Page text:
Success in life, in great measure depends upon winning. Whether it is in education, sport, business or politics.
One thing which is common to all successful persons, however, is losing. The road to success is littered with failures.
Presently, the PNCR and most of its supporters are traumatized. They know they lost the elections but they do not want to accept the results. They view losing as devastating rather than as an opportunity to learn, to become stronger and to use that experience to improve.
It is understandable, but not acceptable, why some of the party’s leaders are traumatized. Many of them are too old to wait around for 2025. This may be the end of their political careers.
They are traumatized and it is evident in their behaviour. One leader was seen on video claiming that the PPPC said it won Georgetown. The PPPC never said that. The PPPC not only lost Georgetown by a massive margin but it also lost District 4, but not by a large enough margin to lose the overall elections.
Misinformation is being pedaled. One leader told reporters that the PPPC killed more than 500,000 persons. These are the typical symptoms of emotional trauma following an election loss.
In 1992, a PNC strongman was highly traumatized by the party’s loss in the elections of that year. Desmond Hoyte had to dispatch an envoy to counsel the strongman.
Another symptom of post-election trauma is attacking and blaming others, rather than taking responsibility. We see it right now where persons are lashing out at the western nations. One individual is now pushing a new narrative. He is accusing the western nations of taking sides in the Guyana elections.
Of course, they have taken a side. They have taken the side of free, fair and transparent elections. They are siding with democracy. What side has this critic taken? Has he taken the side of dictatorship, dishonesty and disruption?
The PPPC supporters displayed the same symptoms after their 2015 election loss. They too blamed the western nations for taking sides in the elections.
What you are witnessing therefore are the signs of traumatic depression. And this is a problem which is not just confined to politics. Small children are placed under severe pressure to do well at examinations; athletes must push their bodies to extreme limits in order to win; and competition in the business environment follows Darwinian rules: the fittest will survive.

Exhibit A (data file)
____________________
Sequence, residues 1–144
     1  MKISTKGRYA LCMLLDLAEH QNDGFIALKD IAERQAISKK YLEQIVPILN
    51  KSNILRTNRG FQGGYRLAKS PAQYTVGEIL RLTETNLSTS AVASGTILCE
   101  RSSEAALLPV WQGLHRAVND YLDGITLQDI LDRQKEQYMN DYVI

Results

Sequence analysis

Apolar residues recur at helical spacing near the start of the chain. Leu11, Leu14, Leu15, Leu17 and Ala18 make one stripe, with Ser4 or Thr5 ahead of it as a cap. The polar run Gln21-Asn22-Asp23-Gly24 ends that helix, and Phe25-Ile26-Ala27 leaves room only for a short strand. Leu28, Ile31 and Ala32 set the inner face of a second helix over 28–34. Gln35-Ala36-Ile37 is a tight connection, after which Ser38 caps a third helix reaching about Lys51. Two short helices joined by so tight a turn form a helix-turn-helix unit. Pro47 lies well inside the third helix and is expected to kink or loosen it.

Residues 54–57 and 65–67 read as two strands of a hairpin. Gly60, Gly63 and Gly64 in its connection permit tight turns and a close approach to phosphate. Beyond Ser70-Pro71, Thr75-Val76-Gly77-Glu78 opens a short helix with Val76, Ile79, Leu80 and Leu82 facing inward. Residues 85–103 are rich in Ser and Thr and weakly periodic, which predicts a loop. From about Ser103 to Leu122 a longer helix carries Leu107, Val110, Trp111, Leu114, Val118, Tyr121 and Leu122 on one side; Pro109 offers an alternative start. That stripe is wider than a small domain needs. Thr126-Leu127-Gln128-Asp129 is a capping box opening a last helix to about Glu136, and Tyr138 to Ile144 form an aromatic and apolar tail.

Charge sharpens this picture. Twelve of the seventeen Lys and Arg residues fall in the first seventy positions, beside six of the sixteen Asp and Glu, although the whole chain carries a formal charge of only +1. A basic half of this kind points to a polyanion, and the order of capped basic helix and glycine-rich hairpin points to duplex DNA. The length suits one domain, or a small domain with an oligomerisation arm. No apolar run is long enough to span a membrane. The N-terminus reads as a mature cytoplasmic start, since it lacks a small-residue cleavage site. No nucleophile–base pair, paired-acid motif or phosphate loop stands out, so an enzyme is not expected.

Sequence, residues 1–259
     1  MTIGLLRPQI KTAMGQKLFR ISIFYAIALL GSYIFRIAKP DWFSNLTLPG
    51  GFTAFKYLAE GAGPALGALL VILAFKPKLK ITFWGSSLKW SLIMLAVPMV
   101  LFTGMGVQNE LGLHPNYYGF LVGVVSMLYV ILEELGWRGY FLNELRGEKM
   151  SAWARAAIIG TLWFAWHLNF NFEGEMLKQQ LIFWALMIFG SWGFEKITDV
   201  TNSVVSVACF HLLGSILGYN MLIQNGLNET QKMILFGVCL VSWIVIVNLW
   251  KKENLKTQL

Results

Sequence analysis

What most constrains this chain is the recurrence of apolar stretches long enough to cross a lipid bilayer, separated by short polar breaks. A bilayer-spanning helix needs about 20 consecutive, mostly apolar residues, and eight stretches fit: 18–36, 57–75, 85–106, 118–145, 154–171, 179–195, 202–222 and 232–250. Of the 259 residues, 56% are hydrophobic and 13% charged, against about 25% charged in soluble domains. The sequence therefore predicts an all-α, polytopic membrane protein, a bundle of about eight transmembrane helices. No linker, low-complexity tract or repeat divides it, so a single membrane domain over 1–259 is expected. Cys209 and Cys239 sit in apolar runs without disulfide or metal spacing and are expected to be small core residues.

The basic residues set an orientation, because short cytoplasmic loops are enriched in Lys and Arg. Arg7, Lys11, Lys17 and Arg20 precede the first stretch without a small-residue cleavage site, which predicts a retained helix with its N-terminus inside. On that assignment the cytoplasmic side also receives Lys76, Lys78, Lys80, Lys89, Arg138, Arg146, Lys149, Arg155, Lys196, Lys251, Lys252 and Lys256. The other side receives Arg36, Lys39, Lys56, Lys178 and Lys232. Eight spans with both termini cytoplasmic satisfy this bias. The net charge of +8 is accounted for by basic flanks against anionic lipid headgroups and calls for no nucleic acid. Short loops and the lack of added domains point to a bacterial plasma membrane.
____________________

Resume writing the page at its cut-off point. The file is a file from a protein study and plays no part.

Its therefore not surprising that competitive political processes, such as elections, can lead to emotional trauma for the losers. Losers end up being traumatized because they have failed to accept that preceding every triumph have been many losses.
Ask any top athlete and they will tell you that you can never become a winner unless you learn first how to lose. Losing teaches you what you need to do to win.
The APNU+AFC will eventually have to do the analysis, as the PPPC did internally after the 2015 elections.
There are many factors which contributed to the Coalition’s loss. There were many missteps which were made. If the APNU is to rebound in 2025, it will have to candidly assess its mistakes over the past five years and especially during the election campaign. It will have to weigh each of the factors to determine the most decisive reasons for its electoral loss to the PPPC by more than 17,000 votes.
The truth is staring the APNU in the face. But in its traumatized mode, it is not willing to accept that it made mistakes.
The hardest thing for most people is to admit they were wrong. The APNU will have to face up eventually accept that it made mistakes.
The proof of what went wrong are in the results. And it is simple. The PNCR held its base but the AFC failed to deliver.
This was evident in the results in District 4 where, even though the Coalition won, they did not garner the necessary lead to overcome the PPPC. And the main reason for this is the AFC did not deliver. It lost support to the new small parties which garnered 4,471 votes in District 4 in this year’s elections as compared with only 709 in 2015.
The APNU will have to analyze whether its poor management of inter-coalition dynamics and its humiliation of its Prime Ministerial candidate contributed to the AFC becoming ‘dead meat’. And consequently to the Coalition’s defeat
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